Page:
▲ Kweon Yun Jin ('11, English Language and Literature)
Editor-in-Chief, The Granite Tower (GT)
Probably one of the most frequently adopted plots in Korean soap operas is when one of the characters is taken seriously ill as the climax nears. Even though screenwriters are already well aware of how trite this must be, they seem unable to suppress the temptation to employ this cliché. Someone is diagnosed with a possible terminal disease—cancer is usually the affliction—and tensions and entangled relationships are precipitously settled.
In the real world, no matter how many groundbreaking developments modern medicine achieves, cancer remains a death sentence for too many Koreans. In December 2012, SBS (Seoul Broadcasting System) News reported that cancer was the major cause of death for both male and female of Koreans. According to Statistics Korea, 27.2 percent of males and 16.6 percent of females had died from cancer, an increase of 2.3 and 2.6 percent respectively. Some experts argue that this phenomenon is accelerated by westernized dietary habits and increased levels of stress.
Cancer affects more than the patient. Family members are struck by grief and potential financial disaster. Some families fall apart under these circumstances. Nevertheless, society does not pay enough attention to these families' situations, which is why The Granite Tower (GT) has dedicated this issue's Cover Story to them. Meanwhile, since May is family month in Korea, GT looks at family therapy, wedding planners, and working mothers' daily routines.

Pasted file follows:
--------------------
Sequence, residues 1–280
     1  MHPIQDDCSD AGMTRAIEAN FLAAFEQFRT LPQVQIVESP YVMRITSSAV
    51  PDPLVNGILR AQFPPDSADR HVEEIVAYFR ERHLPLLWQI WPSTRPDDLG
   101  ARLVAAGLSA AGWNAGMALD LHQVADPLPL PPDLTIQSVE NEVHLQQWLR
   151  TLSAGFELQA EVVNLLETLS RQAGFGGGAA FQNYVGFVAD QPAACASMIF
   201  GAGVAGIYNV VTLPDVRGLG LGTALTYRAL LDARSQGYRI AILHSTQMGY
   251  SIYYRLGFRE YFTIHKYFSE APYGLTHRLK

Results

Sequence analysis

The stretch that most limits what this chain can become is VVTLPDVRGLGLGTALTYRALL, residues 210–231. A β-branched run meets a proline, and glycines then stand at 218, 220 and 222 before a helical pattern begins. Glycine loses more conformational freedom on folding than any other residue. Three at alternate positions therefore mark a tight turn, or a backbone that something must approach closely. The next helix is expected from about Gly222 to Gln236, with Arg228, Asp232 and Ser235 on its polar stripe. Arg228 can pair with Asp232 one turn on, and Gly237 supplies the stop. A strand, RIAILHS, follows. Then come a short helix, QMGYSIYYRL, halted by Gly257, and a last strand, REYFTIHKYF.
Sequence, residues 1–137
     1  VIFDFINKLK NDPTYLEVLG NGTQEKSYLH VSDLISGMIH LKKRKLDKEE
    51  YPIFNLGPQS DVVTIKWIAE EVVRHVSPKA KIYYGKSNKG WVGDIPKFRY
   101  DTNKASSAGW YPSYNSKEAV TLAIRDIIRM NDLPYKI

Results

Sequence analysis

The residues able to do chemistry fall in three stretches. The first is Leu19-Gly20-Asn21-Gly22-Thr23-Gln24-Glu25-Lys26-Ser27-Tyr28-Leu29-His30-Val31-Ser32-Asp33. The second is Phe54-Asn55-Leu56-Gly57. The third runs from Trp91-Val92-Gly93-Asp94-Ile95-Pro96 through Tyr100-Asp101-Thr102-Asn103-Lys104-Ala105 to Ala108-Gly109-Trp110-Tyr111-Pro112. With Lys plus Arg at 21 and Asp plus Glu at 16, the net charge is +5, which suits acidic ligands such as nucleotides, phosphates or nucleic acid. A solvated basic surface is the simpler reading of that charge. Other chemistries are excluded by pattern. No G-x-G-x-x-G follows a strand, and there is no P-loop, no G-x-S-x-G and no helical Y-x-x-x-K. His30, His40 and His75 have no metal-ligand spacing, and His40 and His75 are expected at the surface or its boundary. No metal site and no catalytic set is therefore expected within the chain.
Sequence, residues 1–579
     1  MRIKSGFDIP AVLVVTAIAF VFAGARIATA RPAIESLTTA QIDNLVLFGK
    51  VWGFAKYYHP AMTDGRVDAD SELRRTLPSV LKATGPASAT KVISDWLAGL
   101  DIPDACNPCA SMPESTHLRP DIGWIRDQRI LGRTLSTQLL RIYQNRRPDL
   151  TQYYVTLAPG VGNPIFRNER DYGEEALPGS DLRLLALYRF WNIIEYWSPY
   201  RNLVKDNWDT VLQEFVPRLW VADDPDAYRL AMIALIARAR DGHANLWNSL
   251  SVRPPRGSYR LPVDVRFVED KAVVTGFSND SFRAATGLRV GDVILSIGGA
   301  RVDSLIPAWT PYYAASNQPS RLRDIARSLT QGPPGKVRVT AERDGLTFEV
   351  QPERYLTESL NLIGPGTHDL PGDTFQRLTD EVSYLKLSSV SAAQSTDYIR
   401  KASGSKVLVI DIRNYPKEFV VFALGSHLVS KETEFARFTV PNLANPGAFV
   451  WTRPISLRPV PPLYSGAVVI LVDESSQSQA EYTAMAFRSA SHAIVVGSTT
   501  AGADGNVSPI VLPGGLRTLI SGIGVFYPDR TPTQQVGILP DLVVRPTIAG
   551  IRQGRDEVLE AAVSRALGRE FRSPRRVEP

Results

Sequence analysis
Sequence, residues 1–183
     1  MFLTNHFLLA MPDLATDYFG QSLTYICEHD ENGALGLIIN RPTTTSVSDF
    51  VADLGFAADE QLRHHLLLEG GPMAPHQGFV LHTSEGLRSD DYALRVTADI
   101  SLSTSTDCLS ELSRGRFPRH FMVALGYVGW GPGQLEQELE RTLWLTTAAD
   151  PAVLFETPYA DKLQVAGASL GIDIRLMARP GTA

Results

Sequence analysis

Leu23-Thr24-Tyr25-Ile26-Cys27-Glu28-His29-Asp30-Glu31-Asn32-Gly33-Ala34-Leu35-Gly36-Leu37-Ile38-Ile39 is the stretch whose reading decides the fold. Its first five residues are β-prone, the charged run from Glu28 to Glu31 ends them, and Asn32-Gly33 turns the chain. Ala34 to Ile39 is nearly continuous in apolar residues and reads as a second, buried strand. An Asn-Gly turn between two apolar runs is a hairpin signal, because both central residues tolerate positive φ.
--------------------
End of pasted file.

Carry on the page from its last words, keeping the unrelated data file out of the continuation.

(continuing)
Ever since we are brought to the world, we basically lead our life within the boundary of family. Despite countless frictions we make with our family, one absolute truth is that we still keep affection toward them. As editor-in-chief, I hope these articles encourage you to take time during May, family month, reminding yourself of how much you are loved by your family and how precious they are to you also.